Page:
I mentioned recently that 1936 was the year in which three of Britain’s finest crime writers were born: Peter Lovesey, Reginald Hill, and Robert Barnard. They are three writers whom I admired long before I had the pleasure of getting to know them personally. I still can’t quite believe that I’ve joined them in the Detection Club.
I’ve not had much to say on this blog about Bob Barnard, so it’s time to remedy the omission. He’s a witty writer, who crafts neat and sometimes highly ingenious plots. His gifts are often shown to advantage in the short story, a form at which he excels, and I’ve been lucky enough to include several of them in anthologies that I’ve edited.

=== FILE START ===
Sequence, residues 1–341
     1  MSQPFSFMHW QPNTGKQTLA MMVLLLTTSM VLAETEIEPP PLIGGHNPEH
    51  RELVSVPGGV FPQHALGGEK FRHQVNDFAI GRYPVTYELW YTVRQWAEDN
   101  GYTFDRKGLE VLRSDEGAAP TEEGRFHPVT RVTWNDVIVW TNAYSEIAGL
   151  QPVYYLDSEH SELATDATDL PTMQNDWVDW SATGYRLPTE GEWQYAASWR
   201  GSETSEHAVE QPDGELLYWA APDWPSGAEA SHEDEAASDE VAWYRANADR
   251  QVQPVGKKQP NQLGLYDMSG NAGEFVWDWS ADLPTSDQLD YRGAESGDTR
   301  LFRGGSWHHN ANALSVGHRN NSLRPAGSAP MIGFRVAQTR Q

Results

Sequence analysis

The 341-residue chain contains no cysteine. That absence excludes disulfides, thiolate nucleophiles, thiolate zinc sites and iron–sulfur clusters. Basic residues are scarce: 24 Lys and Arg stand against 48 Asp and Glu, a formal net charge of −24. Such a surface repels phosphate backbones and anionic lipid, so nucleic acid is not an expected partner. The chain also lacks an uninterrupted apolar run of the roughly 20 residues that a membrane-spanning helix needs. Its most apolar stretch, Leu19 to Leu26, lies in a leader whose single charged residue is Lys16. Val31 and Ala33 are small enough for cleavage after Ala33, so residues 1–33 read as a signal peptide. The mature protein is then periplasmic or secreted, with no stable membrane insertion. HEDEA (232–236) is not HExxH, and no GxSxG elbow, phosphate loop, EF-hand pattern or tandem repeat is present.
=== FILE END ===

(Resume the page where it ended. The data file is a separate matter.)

Bob Barnard is also a keen student of the genre, and his study of the work of Agatha Christie, A Talent to Deceive, is widely acknowledged as one of the best books ever written about the Queen of Crime. His enthusiastic, yet clear-eyed assessment of her work, is highly readable, and his analysis of her main plot devices is especially interesting.
Yet it is for his novels that he is best known, and quite right too. He has employed recurrent detectives – Perry Trethowan and Charlie Peace in particular – but the main focus on his books is on the skewering of pretension, coupled with neat mystification. Death in Purple Prose pokes fun at romantic novels, while Political Suicide offers a highly entertaining, if now rather dated, glance at political shenanigans.
My favourite Barnard is probably A Scandal in Belgravia. The title suggests a Sherlock Holmes connection, but this proves to be a red herring. The focus is, again, on politics (Bob used to work for the Fabian Society), and there is a great final twist. A fun book from a writer whose own talent to deceive is of a high order.